Talking about OneLove in Southern Africa
06 February 2009
“Talk, respect, protect”
OneLove is a regional campaign running in Southern Africa that aims to get people talking about the trend of having more than one sexual partner at a time. The overall goal is change this behaviour which is a factor in the transmission of HIV in the region.
Using mass media and social mobilisation to communicate its message, OneLove encourages people to discuss multiple partnerships and come to greater understanding of the risks involved in their lifestyle choice.
Multiple partnerships and concurrent relationships
Close sexual networks are formed when men and women have multiple sexual partners or concurrent relationships—ongoing relationships with more than one intimate partner overlapping for weeks, months or years. If someone in this network acquires HIV it increases the chance of everyone else who is part of this network becoming infected.
OneLove national campaign South Africa
The South Africa OneLove campaign was launched on 14 January. With outreach to 16 million South Africans, the prime-time TV drama series “Soul City” and the “Soul City” radio drama are key vehicles to get the message out to people across the country. UNAIDS is a partner of the Soul City Institute which aims to promote healthy lifestyle choices through mass media advocacy.
The OneLove theme is also being featured on radio talk shows, through TV and radio advertisements and a number of outreach events. Over a million information booklets will also be distributed in multiple languages.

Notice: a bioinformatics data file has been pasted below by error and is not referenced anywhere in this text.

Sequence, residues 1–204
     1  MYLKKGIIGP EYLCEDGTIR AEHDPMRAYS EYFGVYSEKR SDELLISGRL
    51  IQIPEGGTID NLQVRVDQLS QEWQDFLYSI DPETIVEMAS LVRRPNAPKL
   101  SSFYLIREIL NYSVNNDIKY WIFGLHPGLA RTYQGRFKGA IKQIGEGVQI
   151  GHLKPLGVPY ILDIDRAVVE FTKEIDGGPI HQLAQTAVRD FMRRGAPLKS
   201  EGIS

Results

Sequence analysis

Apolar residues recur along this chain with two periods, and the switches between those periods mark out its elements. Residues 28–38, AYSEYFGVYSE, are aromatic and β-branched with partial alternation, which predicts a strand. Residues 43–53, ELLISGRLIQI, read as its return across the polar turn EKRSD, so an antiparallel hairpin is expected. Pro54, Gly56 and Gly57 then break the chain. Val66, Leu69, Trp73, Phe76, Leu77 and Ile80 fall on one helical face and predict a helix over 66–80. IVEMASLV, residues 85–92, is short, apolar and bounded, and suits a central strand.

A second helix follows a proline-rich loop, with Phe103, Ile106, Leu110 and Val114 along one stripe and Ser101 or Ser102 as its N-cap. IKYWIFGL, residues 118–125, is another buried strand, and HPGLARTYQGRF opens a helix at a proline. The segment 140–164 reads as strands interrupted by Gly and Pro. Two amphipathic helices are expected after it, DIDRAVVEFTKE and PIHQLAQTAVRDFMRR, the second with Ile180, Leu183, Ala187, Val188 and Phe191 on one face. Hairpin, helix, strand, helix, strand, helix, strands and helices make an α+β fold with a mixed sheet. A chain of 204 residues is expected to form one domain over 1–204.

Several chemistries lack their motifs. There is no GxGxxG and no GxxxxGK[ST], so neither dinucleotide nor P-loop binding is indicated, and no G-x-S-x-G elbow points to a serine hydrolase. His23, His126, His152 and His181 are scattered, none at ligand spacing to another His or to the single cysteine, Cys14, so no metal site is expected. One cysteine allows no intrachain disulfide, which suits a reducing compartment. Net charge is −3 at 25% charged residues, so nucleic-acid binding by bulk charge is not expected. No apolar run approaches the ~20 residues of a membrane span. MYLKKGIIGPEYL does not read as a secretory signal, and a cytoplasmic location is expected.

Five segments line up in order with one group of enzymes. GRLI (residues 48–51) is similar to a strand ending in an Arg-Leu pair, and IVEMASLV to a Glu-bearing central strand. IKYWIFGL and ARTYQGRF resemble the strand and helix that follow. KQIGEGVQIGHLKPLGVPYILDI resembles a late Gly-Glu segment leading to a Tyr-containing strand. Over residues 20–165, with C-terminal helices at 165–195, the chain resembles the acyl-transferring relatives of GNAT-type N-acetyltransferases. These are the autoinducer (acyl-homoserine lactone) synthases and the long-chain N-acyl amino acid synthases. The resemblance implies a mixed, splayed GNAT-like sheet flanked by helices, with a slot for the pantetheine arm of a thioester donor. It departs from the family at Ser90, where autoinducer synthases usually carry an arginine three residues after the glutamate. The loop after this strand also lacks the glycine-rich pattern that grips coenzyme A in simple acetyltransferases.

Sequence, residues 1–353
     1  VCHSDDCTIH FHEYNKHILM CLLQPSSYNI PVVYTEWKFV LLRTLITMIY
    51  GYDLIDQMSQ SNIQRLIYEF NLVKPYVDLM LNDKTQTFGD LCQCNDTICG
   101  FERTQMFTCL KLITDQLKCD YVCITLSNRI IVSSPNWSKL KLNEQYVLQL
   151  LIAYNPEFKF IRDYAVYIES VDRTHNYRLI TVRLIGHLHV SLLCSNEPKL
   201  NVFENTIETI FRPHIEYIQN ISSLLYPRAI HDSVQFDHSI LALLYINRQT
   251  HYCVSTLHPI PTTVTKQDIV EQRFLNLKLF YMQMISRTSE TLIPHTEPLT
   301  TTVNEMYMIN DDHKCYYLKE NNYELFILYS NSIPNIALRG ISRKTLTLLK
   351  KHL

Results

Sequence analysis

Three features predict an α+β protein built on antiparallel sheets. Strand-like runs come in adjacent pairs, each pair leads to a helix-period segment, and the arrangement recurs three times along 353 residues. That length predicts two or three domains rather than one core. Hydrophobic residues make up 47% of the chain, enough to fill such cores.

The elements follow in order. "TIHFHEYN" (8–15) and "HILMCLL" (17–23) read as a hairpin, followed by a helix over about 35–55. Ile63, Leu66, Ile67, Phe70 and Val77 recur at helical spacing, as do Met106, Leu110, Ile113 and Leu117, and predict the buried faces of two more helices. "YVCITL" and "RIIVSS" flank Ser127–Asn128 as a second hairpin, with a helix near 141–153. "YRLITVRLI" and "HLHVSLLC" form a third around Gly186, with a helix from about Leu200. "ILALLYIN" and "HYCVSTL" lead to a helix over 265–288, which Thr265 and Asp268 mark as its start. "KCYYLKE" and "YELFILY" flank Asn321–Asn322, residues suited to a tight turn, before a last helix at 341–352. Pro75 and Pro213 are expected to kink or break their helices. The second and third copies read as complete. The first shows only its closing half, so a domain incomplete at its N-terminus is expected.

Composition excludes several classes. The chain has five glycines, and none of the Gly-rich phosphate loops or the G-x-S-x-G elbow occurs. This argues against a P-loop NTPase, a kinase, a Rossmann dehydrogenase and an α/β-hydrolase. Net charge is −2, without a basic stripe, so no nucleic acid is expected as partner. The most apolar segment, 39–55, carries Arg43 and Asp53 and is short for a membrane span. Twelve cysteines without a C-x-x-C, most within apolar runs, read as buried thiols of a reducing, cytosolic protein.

The overall goal of the campaign is to reduce the number of new HIV infections in South Africa by 10% by 2011. This will contribute to the goal set by the South African National AIDS Council (SANAC), which aims to reduce the number of new HIV infections in South Africa by half in a couple of years.
South Africa has the largest number of HIV positive people in the world with some 5.7 million people living with HIV in the country and HIV prevalence in adults is 18%. Campaigns that inform people of the potential risks of their lifestyle empowers people to make informed decisions about their sexual behaviour
Catherine Sozi, UNAIDS Country Coordinator
“South Africa currently has the largest number of HIV positive people in the world with some 5.7 million people living with HIV in the country and HIV prevalence in adults—age 15 to 49—is 18%. Campaigns that inform people of the potential risks of their lifestyle empowers people to make informed decisions about their sexual behaviour,” said UNAIDS Country Coordinator Catherine Sozi.
Social networking to discuss sexual networks
As well as mobilizing traditional media, OneLove is also employing social networks to highlight the issue of sexual networks. The campaign features on a range of social networking and new media fora including video sharing site YouTube, the Flickr shared photo gallery, a Facebook page and Twitter feed.
Participation and sharing of ideas is at the core of the campaign. The OneLove official website (http://www.onelovesouthernafrica.org) hosts, in addition to lots of information resources and fact sheets, a weekly competition and blog. Everyone is invited to comment on articles, add their views on a discussion board and take the online polls.
The HIV epidemic in Southern Africa
The severity of the epidemic in southern Africa—nine countries in the region account for 35 per cent of all HIV infections in 2007—underscores the need for intensified and accelerated action towards universal access to HIV prevention, treatment, care and support.
UNAIDS has identified HIV prevention as a particular priority and it highlights the importance of reducing HIV incidence through a combination of prevention approaches. Combination strategies include education and raising awareness in relation to delayed sexual debut, increased condom use, male circumcision and reduction in numbers of concurrent relationships. The OneLove campaign is an important vehicle for this.